The stories eventually connect themselves, and in doing so, present the possibility of there never being a separate character from Fred in the first place. Lost Highway is ultimately a brooding psychological puzzle inspired by the phenomenon of psychogenic fugue, an incredibly rare occurrence that involves the subconscious creation of an entirely distinct personality following a traumatic incident as a means of escape. Inevitably though, the strain of reality gradually imposes itself on this fantasy world, explaining the reappearance of Patricia Arquette (an extremely sensual reminder of Fred's heavy guilt), the man at the party with links to his wife's hidden personality (likely the explanation for Fred's murder in the first place), and the Mystery Man. In this sense, Lost Highway's separate halves are split, to a degree, into the literal and the metaphorical. Pete's story is largely Fred's creation, and so to are characters such as The Mystery Man, the most salient embodiment of evil in the film, who appears whenever a shift in personality, reality, or identity is on the verge. He also is closely related to the lost highway (a symbol itself that stands as a metamorphic entity) and hides out at a shadowy cabin in Death Valley which is always introduced by one of the most compelling images of the film: a protracted reversal of the fiery explosion of the cabin.

There's also a great amount in the film about the recorded image and its relation to reality. It becomes clear that Robert Blake's character is supposedly the person behind the video tape conundrum, but this is only what it seems on the surface. If The Mystery Man is an extension of Fred himself, the tapes are actually his own transmissions from the subconscious, if you will. This premise is reminiscent of Cache, although Lynch's film is not interested in the employment of personal and political history as in Haneke's, instead using video strictly as a piece of mental hardware. The same voyeuristic shots that track with Fred through the dark corridors of his own living space arrive on the videotapes as grainy black and white footage, asserting itself as the evil recesses of his mind that he prefers not to venture into. It is no surprise that he says himself when asked by the police if he owns a video camera, "I like to remember things my own way...Not necessarily the way they happened." This is underlined by the new reality for himself he thus creates.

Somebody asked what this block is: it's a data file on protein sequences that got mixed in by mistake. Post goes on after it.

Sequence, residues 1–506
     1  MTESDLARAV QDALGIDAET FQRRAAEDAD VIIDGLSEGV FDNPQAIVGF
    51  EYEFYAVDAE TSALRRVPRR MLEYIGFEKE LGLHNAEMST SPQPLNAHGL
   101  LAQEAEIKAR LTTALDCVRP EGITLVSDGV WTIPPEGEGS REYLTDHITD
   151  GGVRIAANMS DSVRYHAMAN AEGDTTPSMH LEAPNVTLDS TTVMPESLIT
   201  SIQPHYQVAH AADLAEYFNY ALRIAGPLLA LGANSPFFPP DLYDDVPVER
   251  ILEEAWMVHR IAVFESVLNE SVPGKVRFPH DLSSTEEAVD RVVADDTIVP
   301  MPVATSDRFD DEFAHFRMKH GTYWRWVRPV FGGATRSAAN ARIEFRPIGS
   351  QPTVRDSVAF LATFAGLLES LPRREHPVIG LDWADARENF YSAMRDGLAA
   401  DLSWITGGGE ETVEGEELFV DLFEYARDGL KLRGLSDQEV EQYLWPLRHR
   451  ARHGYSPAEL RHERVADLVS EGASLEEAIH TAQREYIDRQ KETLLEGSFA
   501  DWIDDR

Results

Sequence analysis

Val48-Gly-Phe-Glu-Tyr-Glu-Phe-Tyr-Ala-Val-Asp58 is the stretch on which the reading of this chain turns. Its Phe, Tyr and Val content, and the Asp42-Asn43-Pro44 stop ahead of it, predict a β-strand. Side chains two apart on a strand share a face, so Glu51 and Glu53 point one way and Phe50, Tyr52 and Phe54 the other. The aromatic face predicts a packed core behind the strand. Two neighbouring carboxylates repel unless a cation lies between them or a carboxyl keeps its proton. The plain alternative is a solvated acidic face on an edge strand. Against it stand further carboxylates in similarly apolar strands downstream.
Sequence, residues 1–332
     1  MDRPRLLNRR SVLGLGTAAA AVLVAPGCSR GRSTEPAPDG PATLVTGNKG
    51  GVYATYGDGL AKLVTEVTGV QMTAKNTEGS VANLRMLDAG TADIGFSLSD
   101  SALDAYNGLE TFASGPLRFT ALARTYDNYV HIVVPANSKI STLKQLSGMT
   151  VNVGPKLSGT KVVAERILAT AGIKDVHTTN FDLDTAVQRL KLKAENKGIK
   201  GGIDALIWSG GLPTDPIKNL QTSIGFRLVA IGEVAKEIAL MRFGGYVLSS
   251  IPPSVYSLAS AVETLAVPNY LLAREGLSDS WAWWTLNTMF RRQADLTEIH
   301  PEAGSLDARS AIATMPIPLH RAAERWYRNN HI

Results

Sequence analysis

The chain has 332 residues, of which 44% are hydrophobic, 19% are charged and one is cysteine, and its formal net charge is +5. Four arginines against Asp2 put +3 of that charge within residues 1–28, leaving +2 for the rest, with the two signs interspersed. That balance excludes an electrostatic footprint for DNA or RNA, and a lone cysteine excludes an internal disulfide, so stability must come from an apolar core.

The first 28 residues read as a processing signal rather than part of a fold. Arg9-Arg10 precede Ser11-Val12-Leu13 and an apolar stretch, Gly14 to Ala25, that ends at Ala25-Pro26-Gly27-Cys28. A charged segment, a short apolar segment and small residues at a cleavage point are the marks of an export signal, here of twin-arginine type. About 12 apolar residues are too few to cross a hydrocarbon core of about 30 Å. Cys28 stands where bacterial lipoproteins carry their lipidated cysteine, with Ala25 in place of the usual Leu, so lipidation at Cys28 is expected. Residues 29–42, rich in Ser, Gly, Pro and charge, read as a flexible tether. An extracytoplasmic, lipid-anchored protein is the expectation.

As much as this cursory exegesis does for the film on a narrative level, there's still a wealth of complexity at the core of Lost Highway that is best left unexplained. In fact, Lynch strongly advises against the interpretive process, preferring for the "room to dream" to be left intact. What's most important in the film is its uniquely spooky mood. Lynch's use of sight and sound in the film is so in sync, so complimentary, that it creates an experience of almost physical as well as emotional involvement, with the body tightening and relaxing during scenes of simmering tension and brief comic pauses, respectively. It is this distinctly cinematic atmosphere that takes full emphasis, dwarfing the sometimes vague and mannered dialogue. Nonetheless, each line spoken in the film rings with latent meaning, or at least for the purpose of stylistic heightening, as in one scene when the fiercely sarcastic Mr. Eddy calls Pete and repeats to him with a resilient sneer on his face: "I'm really glad to know you're doin' ok." (Robert Loggia's caricatured yet exhilarating performance is one of the finest in the film). Because of these menacingly original qualities, Lost Highway deserves more than the label of "pretentious" that is all too often slapped upon it, for it is a riveting, mesmerizing transitional piece for Lynch.